Since last fall, incessant wet weather plagued every sector of Ohio agriculture and made the planting season among the most difficult ever. Ohio’s staggering 1,485,919 acres of prevented planting ground sounds bad, but looked even worse when passing by on the 2019 I-75/I-71 Crop Tour sponsored by AgroLiquid. The many empty fields in the state served as a stark and sobering reminder of the challenging spring throughout Ohio, and especially in the northwest where no farm on the tour planted all of their intended corn acres. Sadly, in many cases, the fields that were planted were not much better off. Much of the corn in northern Ohio was a solid month behind developmentally, making yield estimates very difficult and not much more than educated guesses. Many planting dates north of I-70 were in June, which leaves a long road ahead for the corn crop that had not even finished pollinating. With this in mind, all we could do for many of the fields was estimate the potential for the crop with ideal conditions including regular rainfall and a late frost. If conditions are ideal moving forward, there is very clear potential for solid corn and soybean yields. That yield potential, though, will quickly erode with dry weather and an early frost would be truly devastating to yields. Now, there were some exceptions where crops were planted earlier and more concrete estimations could be calculated. There are some good crops out there, there are many fields of potentially good crops out there and there are some just plain bad situations.The Richland County stop featured a solid 223-bushel yield estimate. Defiance County, though, had no ears to count at all in a very late — and typical for the area — corn field planted for silage.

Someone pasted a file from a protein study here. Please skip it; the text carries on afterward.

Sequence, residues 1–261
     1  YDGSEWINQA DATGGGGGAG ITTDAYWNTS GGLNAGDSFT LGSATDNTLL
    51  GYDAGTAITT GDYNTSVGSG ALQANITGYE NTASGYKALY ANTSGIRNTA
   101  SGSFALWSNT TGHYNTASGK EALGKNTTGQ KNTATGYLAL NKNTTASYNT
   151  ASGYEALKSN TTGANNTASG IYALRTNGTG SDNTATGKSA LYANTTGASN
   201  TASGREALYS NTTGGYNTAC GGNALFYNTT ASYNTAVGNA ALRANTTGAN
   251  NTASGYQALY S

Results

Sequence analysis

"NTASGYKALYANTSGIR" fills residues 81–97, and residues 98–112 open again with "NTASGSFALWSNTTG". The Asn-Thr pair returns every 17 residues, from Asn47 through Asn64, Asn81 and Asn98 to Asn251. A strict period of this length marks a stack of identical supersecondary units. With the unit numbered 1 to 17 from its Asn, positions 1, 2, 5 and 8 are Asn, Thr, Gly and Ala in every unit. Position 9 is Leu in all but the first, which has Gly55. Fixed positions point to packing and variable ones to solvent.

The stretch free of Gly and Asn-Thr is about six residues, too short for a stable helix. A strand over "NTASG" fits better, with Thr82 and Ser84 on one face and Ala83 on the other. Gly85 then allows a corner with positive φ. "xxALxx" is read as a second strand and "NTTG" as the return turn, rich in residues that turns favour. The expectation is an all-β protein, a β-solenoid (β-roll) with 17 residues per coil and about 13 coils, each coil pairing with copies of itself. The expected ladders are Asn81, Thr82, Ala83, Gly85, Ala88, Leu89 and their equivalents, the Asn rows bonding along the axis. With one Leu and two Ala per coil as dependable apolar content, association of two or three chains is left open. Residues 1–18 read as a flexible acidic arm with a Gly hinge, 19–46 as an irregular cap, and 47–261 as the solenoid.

For corn, the average yield for the East was 175 bushels per acre, the average for the West was 167 bushels per acre and the overall average was 171 bushels. After some discussion, we felt like the 171-bushel number was reasonable statewide if all things are ideal from here on out for this crop. But, less daylight moving forward with so far to go for this crop could lead to quality and test weight issues. We feel a more reasonable expectation for this crop with less than ideal conditions moving forward is around 148 bushels, based on the significant potential for yield loss moving forward.
It is much the same with soybeans. There is 40- to 50-bushel potential and higher in many fields. But, on the western leg, it was pointed out that double-crop soybeans in Preble County were planted earlier than many of the first crop soybean fields to the northwest. There is a definite cap on that potential as a result, and if conditions are less than perfect, yield potential will likely drop off pretty quickly.
I-75 Day 2 Recap Video
I-71 Day2 Recap Video
I-75 Team Included:
Harold Watters, Ohio State University Extension agronomist
Andrew Armstrong, Clark County farmer
Allen Armstong, Clark County farmer
Erick Reese, Hancock County farmer
Dusty Sonnenberg, Henry County farmer, CCA, Ohio Field Leader
Matt Reese, Ohio’s Country Journal
I-71 Team Included:
Sam Custer, Ohio State University Extension
Bill McDonald, Seed Consultants, Inc. agronomist
Brett Barton, Holmes County farmer
Bart Johnson, Ohio’s Country Journal, Delaware County farmer
Joel Penhorwood, Ohio Ag Net